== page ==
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The epistemological theory of Voltaire

The epistemological theory of Voltaire

July 29, 2022

If you think about it, you may come to the conclusion that a large part of our lives can be summarized in one task: knowing how to manage our doubts. We are unable to fully know everything that surrounds us , or even ourselves, but in spite of that we are frustrated by it, although it can not be avoided. This leads us to feel obliged to position ourselves before these unanswered questions: for which of the possible options will we bet?

Voltaire, the great French philosopher of the Age of the Enlightenment, decided to address this issue fairly. Given that there are many things that we can not be sure of, what criteria should we follow to trust more in certain beliefs and less in others? We'll see now what was this theory of Voltaire and how can it be applied to our day to day .

Who was Voltaire?

The word Voltaire it's really a pseudonym used by the French philosopher and writer François Marie Arouet , born in 1694 in Paris in a middle class family. Although he studied law at the university, from a very young age he was especially noted for his writing skills, and as a teenager he had already written a tragedy of name Amulius and Numitor.

In the year 1713, François was able to enter the French embassy in The Hague, and although he was expelled from it soon after a scandal involving a French refugee, from that moment on he began to gain fame as a writer and dramatist, although his popularity also brought him problems. In fact, he was imprisoned more than once for insulting the nobility, and ended up being banished from France. By then, he had already adopted the pseudonym Voltaire; specifically he did during one of his exiles to a rural French town.

So, Voltaire he was expelled from France in the year 1726, and headed for England , place where it was imbued with the philosophy and epistemology of the place. When he returned to France in 1729, he published writings defending the line of thought of materialist philosophers such as John Locke and Newton's science areas of knowledge that Voltaire considered had not yet reached a dogmatic and irrational France.

Meanwhile, Voltaire began to be enriched by speculation and his writings, although many were prohibited given, among other things, his criticism against the religious fanaticism of Christian roots that abounded in the country. He died in 1778 in Paris.

Voltaire's theory about knowledge

The main characteristics of Voltaire's work are as follows.

1. Certainty is absurd

Voltaire's philosophical starting point may seem pessimistic, but in reality, in the context of his time, he was revolutionary. In Europe, up to the time of the Enlightenment, the task of philosophy and much of science had been to rationalize explanations about the way in which the existence of the Christian god was revealed through what could be investigated. Basically, the word of the Church was taken as good on any subject, so that knowledge was built on a structure of dogmas that, as such, could not be questioned.

Voltaire's epistemological theory begins with a total rejection of dogmatism and a proactive search for valid knowledge obtained through empirical testing.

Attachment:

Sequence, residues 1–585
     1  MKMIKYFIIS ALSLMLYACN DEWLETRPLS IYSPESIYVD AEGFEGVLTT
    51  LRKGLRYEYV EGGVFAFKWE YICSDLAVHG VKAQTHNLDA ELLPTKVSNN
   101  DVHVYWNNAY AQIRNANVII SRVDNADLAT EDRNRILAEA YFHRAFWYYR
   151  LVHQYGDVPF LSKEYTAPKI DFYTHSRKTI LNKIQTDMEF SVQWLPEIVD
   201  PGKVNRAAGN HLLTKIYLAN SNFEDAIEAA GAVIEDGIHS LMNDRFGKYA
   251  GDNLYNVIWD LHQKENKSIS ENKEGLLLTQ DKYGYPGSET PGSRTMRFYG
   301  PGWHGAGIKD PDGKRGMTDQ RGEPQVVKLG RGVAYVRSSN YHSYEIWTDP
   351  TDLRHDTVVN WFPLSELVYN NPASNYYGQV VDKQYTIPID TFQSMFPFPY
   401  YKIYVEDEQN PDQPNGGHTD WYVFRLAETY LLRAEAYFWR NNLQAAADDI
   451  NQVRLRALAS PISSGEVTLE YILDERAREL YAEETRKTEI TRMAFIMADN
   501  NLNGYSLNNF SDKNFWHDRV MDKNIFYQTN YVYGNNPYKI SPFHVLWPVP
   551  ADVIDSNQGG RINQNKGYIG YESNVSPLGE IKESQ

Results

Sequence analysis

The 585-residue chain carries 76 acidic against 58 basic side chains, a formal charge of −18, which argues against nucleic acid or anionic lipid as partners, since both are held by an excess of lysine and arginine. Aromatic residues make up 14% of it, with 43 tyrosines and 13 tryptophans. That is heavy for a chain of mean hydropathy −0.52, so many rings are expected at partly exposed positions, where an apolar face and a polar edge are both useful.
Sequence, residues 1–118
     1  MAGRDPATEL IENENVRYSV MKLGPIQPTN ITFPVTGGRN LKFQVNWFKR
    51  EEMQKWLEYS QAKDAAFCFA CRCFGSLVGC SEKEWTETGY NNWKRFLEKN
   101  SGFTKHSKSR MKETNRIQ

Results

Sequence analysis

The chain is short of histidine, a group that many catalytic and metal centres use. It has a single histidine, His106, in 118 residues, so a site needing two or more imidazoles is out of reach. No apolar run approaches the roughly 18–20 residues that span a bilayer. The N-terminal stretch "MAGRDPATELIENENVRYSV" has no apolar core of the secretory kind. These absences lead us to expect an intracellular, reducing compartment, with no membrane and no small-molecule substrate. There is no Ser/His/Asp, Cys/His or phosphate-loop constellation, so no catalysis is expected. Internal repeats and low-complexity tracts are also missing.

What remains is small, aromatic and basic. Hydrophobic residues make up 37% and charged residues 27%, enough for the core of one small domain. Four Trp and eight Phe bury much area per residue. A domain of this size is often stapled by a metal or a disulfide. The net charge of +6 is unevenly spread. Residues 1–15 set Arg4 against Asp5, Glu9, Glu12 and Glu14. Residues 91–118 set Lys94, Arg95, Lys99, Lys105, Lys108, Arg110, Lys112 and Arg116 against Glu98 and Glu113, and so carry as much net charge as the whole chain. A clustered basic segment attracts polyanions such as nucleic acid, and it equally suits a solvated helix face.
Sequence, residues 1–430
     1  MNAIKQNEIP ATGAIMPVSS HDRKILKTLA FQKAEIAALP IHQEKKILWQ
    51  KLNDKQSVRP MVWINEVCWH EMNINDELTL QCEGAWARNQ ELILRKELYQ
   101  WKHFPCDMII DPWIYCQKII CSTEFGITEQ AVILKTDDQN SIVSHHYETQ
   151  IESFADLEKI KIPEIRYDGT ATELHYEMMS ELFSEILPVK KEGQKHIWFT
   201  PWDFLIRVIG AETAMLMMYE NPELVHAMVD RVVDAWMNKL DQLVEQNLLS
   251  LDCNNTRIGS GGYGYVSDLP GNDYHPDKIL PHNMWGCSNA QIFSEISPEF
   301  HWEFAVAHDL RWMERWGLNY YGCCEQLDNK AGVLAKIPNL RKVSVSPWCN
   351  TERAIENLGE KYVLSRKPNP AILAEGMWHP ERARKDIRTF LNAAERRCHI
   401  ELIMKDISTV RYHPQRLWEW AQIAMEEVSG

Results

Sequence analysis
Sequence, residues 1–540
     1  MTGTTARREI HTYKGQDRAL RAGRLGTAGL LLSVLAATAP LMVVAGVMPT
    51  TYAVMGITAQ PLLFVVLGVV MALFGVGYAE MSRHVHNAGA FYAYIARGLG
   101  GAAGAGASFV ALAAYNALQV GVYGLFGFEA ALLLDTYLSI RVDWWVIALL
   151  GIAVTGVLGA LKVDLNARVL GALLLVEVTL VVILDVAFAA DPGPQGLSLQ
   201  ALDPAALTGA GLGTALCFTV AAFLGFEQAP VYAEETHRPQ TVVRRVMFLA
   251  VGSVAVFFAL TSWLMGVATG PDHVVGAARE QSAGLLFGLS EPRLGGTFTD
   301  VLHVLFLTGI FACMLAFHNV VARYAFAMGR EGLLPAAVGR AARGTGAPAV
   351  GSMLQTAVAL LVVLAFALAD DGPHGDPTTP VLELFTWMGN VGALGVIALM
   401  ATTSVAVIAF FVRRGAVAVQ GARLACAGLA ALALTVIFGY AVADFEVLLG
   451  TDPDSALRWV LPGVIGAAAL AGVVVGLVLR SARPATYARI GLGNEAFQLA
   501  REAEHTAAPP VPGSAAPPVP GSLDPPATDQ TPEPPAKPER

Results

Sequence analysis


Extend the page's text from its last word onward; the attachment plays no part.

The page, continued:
2. Rejection of innateness

Voltaire broke completely with the rationalist tradition that had taken root in France in such a strong way since René Descartes published his works. That implies, among other things, that for Voltaire we are not born with innate concepts in our brains , but we learn totally through experience.

3. The doubt is reasonable

As we only depend on experience to learn, and since it is always incomplete and mediated by meanings that often betray us, Voltaire concludes that it is impossible to get to know in a faithful way the whole truth about what is real and what not. This can be discouraging, but any other conclusion can not be logical.

4. We can manage the doubt

Beyond whether or not we can get to know the exact reflection of what exists, Voltaire believes that the important thing is what we do with the doubts we have, and the way in which we learn to discriminate between reasonable possibilities and others that are not . How to get this?

5. Reject the dogmas

This point is derived from the previous ones. If doubt is reasonable and innate knowledge does not exist, there is no reason to accept certain ideas simply because they are very accepted or certain institutions defend them with great vehemence.

6. The importance of education and science

Absolute certainties may have died, but that, in turn, gives us the possibility of creating a more genuine, much better constructed knowledge. Thanks to freedom of expression, critical thinking fueled by education and the testing of hypotheses through science, it is possible to make our ideas closer to the truth.

So, what is necessary to manage the doubts is, according to Voltaire's theory, an attitude that leads us to doubt everything, the ability to develop ways of seeing how our beliefs fit with reality, and science, which for this philosopher It would not be just another institution, but a new culturally improved way to obtain much more reliable information than we were used to.

Of course, not all of us have scientific measuring devices or knowledge and data analysis tools, but these philosophical principles help us understand something important. To know something, you have to dedicate effort to it, analyze it critically, and go to sources of information based on evidence.

PHILOSOPHY - René Descartes (July 2022).

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